It seems to me that the work of parenting preteens is all about providing guide-rails and a safety net as our kids really start branching out. This is the time to ensure they are guided by their conscience and not just by obedience to someone else’s rules. It’s the time to firm up their empathy and executive function skills, for them to learn what is means to take responsibility for their actions, including how to make a proper apology (#SorryNotSorry apologies don’t cut it here). It is time for them to improve their problem-solving skills and really learn from their own missteps.

Preteens have a lot of social-emotional work to do, and they are doing it at a time they start pushing away from parents. It’s all natural and a normal part of their development, but how do we navigate it as their parents?

The Pre-Teens Course Correction

Back to my dinner conversation a few weeks ago with Rob… Even if we weren’t failing as parents, we knew our kids need some extra guidance as they work their way through middle school. We talked about the skills our kids will need as adults. We talked about the issues we were facing with their behavior currently. We talked about skills they are lacking and those they have mastered. We figured out what was important to us.

Our wishes and wants are only one side of the equation. We had to account for what our kids want also, before moving forward. Preteens aren’t super excited about being told what to do, right? At least ours do better when they decide for themselves, even if it is with some guidance from Mom and Dad. So we sat down with them and discussed our concerns, asked them what they wanted and needed, what stressed them out, etc. In the end, we came up with a focus for 2016 together.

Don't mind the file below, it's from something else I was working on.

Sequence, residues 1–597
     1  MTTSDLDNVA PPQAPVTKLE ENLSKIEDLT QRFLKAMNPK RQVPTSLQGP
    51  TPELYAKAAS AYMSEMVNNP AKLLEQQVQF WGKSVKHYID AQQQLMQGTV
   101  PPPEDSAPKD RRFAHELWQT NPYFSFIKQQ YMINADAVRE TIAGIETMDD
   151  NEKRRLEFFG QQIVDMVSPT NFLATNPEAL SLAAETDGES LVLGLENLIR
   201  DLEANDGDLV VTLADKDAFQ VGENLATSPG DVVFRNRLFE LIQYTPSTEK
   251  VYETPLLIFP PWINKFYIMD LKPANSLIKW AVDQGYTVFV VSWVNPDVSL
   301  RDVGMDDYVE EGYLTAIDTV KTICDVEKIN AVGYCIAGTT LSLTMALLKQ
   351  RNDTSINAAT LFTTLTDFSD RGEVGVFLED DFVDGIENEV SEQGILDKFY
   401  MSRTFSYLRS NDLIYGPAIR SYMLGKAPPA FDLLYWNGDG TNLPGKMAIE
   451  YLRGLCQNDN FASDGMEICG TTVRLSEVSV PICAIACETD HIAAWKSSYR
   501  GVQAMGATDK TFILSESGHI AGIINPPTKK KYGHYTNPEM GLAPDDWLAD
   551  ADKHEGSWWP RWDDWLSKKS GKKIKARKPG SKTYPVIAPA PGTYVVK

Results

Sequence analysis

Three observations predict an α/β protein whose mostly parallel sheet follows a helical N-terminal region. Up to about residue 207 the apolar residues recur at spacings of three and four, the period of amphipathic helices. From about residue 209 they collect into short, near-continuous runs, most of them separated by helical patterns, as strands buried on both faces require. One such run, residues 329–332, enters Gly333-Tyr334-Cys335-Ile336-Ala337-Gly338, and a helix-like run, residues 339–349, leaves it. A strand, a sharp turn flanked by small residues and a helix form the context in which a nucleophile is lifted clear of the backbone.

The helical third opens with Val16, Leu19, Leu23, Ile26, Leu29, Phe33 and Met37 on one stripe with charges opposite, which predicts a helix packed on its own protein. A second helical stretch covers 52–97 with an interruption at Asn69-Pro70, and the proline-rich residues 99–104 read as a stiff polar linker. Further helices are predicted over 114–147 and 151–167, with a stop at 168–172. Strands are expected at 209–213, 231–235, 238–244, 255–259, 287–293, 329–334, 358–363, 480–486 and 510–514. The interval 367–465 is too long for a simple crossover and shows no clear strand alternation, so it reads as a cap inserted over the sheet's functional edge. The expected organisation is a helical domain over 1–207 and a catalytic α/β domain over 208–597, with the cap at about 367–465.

Parenting Pre Teens

This focus is about empathy, problem solving, emotional regulation, and integrity. I hope that we are stepping out on the right foot with our preteens, giving them a solid foundation for making their own place in the world.

In the end, I don’t want my parenting choices to limit my kids in their adulthood.

Do I always get it right? No. But when I fall short, I fall back on who I am at my core: the person who likes to get it right and keeps trying and trying ad nauseum. I gather my thoughts and make a new plan with my husband and we try again. This work is hard. I don’t know how I would keep going every time we need to course-correct if I wasn’t committed to parenting with grace. Grace for my kids. Grace for my husband. Grace for myself.

Maggie is an entrepreneur and mother of two boys (Davis, age 10 & Patrick, age 9). She recently left her job in corporate healthcare strategy to open a family business (you can check out her blog at The Learning Lab). Her motherhood journey has included infertility, transracial adoption (Davis), a fortuitous pregnancy (Patrick), a child with mental health issues, managing serious pediatric asthma and parenting a profoundly gifted son. Maggie was born in Australia, but moved to Texas when she was a toddler. She met her husband, Rob, at Trinity University and after graduate school at the University of Michigan (Go Blue!), they returned to San Antonio, which has been home for almost 20 years.